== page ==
||Kaleidoscope Item 1985|
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Opaque and transparent colors are applied to a gather of clear then fused in the furnace.
The colors are twisted around the circumference to produce the variety of images one would see in a kaleidoscope.
The kaleidoscope was invented by Sir David Brewster in 1814 while conducting experiments in polarization using circles of mirrors with loose beads and bits of glass.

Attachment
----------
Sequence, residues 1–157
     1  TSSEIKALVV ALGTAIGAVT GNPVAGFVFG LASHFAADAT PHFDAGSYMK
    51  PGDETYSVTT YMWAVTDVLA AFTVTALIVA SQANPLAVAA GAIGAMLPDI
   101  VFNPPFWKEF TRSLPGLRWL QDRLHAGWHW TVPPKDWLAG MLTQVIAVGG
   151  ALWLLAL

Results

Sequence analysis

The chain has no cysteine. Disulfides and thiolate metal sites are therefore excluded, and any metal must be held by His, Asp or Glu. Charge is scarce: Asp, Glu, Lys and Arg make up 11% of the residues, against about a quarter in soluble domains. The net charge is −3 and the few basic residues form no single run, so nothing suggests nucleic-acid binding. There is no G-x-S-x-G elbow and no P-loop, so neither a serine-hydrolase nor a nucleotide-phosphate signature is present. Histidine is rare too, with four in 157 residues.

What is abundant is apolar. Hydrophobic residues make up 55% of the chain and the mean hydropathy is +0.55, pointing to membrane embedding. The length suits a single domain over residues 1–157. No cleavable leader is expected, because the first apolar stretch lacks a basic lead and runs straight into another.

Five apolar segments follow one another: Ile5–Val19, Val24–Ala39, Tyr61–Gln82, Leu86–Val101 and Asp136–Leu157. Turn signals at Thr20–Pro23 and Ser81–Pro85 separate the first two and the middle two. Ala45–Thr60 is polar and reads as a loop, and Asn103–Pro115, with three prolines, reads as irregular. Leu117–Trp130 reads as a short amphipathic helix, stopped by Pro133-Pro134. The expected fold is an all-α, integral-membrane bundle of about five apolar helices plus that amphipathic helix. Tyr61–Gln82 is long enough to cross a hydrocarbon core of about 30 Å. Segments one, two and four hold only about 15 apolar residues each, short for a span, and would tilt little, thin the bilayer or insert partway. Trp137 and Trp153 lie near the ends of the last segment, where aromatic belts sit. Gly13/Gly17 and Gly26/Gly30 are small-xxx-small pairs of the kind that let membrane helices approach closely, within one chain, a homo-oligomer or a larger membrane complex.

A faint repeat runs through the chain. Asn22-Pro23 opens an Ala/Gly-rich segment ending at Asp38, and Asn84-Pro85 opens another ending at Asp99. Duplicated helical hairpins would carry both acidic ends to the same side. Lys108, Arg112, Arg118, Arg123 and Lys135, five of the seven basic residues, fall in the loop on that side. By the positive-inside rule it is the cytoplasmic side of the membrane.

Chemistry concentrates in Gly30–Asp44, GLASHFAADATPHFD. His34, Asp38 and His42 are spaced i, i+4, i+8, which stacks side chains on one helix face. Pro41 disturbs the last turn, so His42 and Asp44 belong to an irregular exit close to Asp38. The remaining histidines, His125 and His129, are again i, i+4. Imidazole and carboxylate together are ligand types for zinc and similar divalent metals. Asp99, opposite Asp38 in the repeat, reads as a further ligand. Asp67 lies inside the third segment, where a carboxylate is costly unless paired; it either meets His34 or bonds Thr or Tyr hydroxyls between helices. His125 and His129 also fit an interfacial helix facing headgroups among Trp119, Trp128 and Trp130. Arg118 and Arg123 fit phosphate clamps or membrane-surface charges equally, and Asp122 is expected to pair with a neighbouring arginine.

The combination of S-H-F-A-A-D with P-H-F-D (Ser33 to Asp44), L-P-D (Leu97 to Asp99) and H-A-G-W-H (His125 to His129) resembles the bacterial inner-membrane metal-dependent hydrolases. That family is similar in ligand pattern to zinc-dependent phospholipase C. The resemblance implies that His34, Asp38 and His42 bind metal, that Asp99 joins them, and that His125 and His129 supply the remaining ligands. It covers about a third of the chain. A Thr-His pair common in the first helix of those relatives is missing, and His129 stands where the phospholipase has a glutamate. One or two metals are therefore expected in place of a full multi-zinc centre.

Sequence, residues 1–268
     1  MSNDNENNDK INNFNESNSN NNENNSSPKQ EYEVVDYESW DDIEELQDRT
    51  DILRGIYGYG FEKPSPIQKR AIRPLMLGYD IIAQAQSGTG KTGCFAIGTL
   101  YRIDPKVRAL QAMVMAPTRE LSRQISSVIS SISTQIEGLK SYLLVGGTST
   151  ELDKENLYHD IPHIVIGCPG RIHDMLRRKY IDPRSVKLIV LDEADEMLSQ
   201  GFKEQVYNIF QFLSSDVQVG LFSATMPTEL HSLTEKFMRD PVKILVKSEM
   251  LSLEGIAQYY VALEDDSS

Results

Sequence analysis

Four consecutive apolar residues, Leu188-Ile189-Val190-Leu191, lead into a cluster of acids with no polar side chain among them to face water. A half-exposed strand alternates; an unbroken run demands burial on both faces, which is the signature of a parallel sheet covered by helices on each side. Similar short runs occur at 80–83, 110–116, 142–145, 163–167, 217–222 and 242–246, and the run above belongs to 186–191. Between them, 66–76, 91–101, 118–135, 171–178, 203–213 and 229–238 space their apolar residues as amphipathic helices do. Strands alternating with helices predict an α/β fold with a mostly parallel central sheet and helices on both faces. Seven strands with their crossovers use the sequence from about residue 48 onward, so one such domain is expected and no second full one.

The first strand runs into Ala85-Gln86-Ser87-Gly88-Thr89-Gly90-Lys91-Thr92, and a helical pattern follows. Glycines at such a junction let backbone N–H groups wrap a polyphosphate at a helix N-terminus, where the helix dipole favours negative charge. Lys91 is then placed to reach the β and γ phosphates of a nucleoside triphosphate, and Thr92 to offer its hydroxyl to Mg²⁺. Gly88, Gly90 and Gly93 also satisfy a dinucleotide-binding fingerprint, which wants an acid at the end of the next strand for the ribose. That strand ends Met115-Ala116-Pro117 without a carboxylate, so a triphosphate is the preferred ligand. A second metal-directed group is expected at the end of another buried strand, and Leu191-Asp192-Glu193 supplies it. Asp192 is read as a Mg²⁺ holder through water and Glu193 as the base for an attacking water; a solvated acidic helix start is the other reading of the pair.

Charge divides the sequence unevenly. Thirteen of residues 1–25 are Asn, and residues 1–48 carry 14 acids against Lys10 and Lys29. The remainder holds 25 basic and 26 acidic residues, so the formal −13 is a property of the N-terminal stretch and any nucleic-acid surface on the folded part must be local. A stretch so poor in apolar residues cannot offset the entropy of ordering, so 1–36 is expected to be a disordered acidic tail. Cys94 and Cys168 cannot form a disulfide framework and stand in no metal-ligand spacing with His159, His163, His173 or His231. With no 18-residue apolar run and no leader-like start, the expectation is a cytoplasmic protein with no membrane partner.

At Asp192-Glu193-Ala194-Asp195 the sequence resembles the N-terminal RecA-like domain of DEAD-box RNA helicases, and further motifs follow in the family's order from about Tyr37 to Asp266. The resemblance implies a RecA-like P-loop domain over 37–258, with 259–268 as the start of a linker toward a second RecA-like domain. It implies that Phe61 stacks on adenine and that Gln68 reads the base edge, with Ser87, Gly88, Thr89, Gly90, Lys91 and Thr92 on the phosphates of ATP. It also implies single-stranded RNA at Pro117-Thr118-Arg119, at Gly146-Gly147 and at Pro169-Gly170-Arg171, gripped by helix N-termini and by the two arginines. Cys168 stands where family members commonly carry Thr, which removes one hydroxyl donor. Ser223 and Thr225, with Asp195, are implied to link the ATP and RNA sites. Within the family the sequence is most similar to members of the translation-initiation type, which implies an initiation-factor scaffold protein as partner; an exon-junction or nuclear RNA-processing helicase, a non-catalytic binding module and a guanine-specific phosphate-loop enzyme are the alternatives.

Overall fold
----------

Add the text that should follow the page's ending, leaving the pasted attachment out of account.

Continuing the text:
Looking in one end, light enters the other creating random images of color in changing geometric patterns.
"Kaleidoscope" derives from the Ancient Greek words for beauty, form, and examination, hence "observer of beautiful forms."